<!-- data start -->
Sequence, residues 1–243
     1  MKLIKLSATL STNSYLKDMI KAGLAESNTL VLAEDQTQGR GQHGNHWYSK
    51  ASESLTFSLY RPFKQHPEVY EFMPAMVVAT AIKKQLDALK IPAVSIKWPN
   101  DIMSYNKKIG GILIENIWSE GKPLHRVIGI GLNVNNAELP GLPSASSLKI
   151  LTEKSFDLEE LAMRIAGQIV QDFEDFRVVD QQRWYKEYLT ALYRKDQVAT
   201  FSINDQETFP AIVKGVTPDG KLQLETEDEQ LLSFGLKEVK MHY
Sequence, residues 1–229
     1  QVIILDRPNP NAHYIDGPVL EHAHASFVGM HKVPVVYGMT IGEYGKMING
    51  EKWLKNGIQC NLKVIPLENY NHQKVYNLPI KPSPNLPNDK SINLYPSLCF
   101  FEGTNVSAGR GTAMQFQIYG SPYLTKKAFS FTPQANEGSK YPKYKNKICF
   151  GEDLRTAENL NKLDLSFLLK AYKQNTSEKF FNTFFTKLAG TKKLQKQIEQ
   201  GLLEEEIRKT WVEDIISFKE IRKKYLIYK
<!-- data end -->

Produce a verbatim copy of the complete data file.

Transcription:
Sequence, residues 1–243
     1  MKLIKLSATL STNSYLKDMI KAGLAESNTL VLAEDQTQGR GQHGNHWYSK
    51  ASESLTFSLY RPFKQHPEVY EFMPAMVVAT AIKKQLDALK IPAVSIKWPN
   101  DIMSYNKKIG GILIENIWSE GKPLHRVIGI GLNVNNAELP GLPSASSLKI
   151  LTEKSFDLEE LAMRIAGQIV QDFEDFRVVD QQRWYKEYLT ALYRKDQVAT
   201  FSINDQETFP AIVKGVTPDG KLQLETEDEQ LLSFGLKEVK MHY
Sequence, residues 1–229
     1  QVIILDRPNP NAHYIDGPVL EHAHASFVGM HKVPVVYGMT IGEYGKMING
    51  EKWLKNGIQC NLKVIPLENY NHQKVYNLPI KPSPNLPNDK SINLYPSLCF
   101  FEGTNVSAGR GTAMQFQIYG SPYLTKKAFS FTPQANEGSK YPKYKNKICF
   151  GEDLRTAENL NKLDLSFLLK AYKQNTSEKF FNTFFTKLAG TKKLQKQIEQ
   201  GLLEEEIRKT WVEDIISFKE IRKKYLIYK